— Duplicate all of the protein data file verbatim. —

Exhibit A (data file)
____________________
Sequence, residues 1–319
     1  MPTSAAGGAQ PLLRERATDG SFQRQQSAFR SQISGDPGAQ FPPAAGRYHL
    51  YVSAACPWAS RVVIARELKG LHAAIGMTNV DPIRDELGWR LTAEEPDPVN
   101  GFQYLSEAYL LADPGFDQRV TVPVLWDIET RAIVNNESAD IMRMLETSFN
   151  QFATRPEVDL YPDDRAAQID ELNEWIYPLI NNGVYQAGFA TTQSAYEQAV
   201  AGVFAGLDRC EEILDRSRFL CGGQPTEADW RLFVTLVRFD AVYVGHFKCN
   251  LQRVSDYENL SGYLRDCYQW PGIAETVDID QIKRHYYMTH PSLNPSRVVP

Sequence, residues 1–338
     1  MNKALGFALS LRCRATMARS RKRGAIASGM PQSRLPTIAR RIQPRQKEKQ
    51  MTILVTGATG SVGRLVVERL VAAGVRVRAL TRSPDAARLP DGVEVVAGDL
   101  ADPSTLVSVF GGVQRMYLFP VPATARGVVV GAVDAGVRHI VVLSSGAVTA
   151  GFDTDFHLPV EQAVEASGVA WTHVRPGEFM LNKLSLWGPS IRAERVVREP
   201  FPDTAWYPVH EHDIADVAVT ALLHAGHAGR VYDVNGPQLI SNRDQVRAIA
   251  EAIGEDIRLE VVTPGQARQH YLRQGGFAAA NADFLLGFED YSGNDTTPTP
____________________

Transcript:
Sequence, residues 1–319
     1  MPTSAAGGAQ PLLRERATDG SFQRQQSAFR SQISGDPGAQ FPPAAGRYHL
    51  YVSAACPWAS RVVIARELKG LHAAIGMTNV DPIRDELGWR LTAEEPDPVN
   101  GFQYLSEAYL LADPGFDQRV TVPVLWDIET RAIVNNESAD IMRMLETSFN
   151  QFATRPEVDL YPDDRAAQID ELNEWIYPLI NNGVYQAGFA TTQSAYEQAV
   201  AGVFAGLDRC EEILDRSRFL CGGQPTEADW RLFVTLVRFD AVYVGHFKCN
   251  LQRVSDYENL SGYLRDCYQW PGIAETVDID QIKRHYYMTH PSLNPSRVVP

Sequence, residues 1–338
     1  MNKALGFALS LRCRATMARS RKRGAIASGM PQSRLPTIAR RIQPRQKEKQ
    51  MTILVTGATG SVGRLVVERL VAAGVRVRAL TRSPDAARLP DGVEVVAGDL
   101  ADPSTLVSVF GGVQRMYLFP VPATARGVVV GAVDAGVRHI VVLSSGAVTA
   151  GFDTDFHLPV EQAVEASGVA WTHVRPGEFM LNKLSLWGPS IRAERVVREP
   201  FPDTAWYPVH EHDIADVAVT ALLHAGHAGR VYDVNGPQLI SNRDQVRAIA
   251  EAIGEDIRLE VVTPGQARQH YLRQGGFAAA NADFLLGFED YSGNDTTPTP